This was a total impulse buy. I just got paid and I was in the book store, saw a book by Penn Jillette about atheism, and thought, "Hey, sounds fun!" I was expecting an interesting, thoughtful, funny discussion of Penn's atheism and how it's affected his life.
Unfortunately, the book is a mess. I wouldn't mind that so much since a lot of the anecdotes are really funny and I don't mind rambling text if I'm being entertained. But there's almost no content. Occasionally he'll make a stab at explaining his views on atheism, but he's too easily distracted from the topic. Any points he brings up are lost in the bluster and noise of his writing style.
I started the book being open to his views; I'm certainly sympathetic to anyone who rails against lies and ignorance, whether I agree totally with them or not. And I've always thought Penn was a clever guy. But by the end of the book I was so turned off by his personality that he could have told me I needed to breathe air to live and I'd have thought, "You are so full of shit."
For someone who states repeatedly that people are mostly good, he sure hates a lot of people. He spends page after page trashing individuals who've slighted him in the past--sometimes decades before. Let it go, man. Geez. Women he's angry with he calls cunts, and women he's not angry with are pretty much 100% in the book so he can mention having had sex with them.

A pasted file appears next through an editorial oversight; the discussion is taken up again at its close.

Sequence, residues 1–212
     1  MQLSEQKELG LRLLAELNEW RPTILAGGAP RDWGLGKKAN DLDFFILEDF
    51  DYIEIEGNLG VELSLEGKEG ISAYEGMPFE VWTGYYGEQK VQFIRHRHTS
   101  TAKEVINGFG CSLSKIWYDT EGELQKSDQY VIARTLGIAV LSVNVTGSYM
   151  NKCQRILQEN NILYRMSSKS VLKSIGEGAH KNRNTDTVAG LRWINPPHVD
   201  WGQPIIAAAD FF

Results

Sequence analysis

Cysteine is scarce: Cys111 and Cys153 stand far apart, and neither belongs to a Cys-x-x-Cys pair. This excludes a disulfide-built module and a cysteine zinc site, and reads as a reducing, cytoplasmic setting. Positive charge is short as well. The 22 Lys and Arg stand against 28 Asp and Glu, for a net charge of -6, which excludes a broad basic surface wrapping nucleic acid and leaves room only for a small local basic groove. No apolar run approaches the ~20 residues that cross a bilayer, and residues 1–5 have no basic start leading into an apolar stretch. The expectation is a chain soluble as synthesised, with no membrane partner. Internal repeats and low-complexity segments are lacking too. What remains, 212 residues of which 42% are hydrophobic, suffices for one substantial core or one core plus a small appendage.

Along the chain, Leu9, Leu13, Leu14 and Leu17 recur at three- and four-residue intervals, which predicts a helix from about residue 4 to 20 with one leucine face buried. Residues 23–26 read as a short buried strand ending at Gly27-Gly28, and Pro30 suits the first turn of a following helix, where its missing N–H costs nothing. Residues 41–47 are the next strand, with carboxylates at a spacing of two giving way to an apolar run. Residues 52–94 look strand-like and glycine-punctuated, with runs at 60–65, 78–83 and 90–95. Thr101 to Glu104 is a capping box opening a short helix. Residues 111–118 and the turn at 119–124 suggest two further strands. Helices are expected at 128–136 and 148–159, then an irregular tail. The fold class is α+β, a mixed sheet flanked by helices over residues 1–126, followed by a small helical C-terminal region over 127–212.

In short, it's a wankery of a memoir, not at all what I expected. I was disappointed, since it's not entertaining enough as a memoir and not intelligent enough as a discussion of atheism. I was particularly turned off by his increasingly ranty political essays, which were so weird that I wonder if the book fell through a wormhole from another dimension.
Although Penn's obviously dying to infuriate people who don't agree with him--he repeats himself when he gets sacrelicious, which makes me think he uses the same phrases a lot to shock people--there actually isn't much criticism of any religion except Islam, which he loathes with a white-hot passion. Christianity? Oh, well, his dad was a Christian and his dad was great. Judaism? Oh, well, isn't it weird that Jews can't eat bacon? That's pretty much it for religion. He doesn't even talk much about atheism beyond some generalities and a chapter on how Santa Claus is a stupid concept.
I can't imagine many atheists finding God, No! very interesting--there's just not enough substance. I suppose people who think they're fighting the good fight against atheism might pick up the book to see what their enemies are up to, but they'll be disappointed too. Unless they're really prudish about swear words, of course. Then they can get righteously angry.